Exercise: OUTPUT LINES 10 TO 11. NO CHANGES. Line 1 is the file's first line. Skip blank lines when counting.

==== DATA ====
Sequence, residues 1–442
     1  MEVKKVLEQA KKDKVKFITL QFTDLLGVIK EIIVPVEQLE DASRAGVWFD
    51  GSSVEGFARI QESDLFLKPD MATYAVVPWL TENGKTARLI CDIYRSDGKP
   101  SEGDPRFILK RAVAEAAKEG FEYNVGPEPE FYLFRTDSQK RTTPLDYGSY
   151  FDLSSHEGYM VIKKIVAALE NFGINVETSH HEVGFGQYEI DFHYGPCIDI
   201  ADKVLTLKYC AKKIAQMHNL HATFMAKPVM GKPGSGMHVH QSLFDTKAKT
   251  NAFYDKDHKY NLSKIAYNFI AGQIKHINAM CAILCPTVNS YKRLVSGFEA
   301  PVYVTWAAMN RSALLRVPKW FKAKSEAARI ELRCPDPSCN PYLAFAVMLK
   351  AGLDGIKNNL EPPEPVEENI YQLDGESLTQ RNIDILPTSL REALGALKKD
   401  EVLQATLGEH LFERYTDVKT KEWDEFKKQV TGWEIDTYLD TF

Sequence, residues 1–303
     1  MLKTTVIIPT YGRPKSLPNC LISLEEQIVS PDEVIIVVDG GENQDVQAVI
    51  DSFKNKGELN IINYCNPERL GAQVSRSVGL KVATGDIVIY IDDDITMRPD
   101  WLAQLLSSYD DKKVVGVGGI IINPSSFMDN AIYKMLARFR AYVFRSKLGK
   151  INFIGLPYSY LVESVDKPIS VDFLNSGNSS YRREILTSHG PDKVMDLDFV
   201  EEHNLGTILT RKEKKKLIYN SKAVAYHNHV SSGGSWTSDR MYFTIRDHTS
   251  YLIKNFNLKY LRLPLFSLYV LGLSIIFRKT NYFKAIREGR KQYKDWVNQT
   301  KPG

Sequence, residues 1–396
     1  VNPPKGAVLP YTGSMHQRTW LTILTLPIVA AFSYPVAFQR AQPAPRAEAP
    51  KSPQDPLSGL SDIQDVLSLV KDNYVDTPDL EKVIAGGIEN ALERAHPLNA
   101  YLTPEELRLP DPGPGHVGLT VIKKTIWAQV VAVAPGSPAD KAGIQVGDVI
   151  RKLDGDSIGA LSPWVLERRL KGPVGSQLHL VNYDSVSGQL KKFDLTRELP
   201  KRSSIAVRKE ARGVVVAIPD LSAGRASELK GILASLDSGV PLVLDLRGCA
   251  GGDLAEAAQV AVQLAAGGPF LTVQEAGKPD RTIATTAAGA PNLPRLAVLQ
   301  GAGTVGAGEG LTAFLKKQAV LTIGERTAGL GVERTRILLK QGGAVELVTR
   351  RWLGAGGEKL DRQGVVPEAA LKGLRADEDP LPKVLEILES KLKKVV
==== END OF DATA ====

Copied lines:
   401  EVLQATLGEH LFERYTDVKT KEWDEFKKQV TGWEIDTYLD TF

Sequence, residues 1–303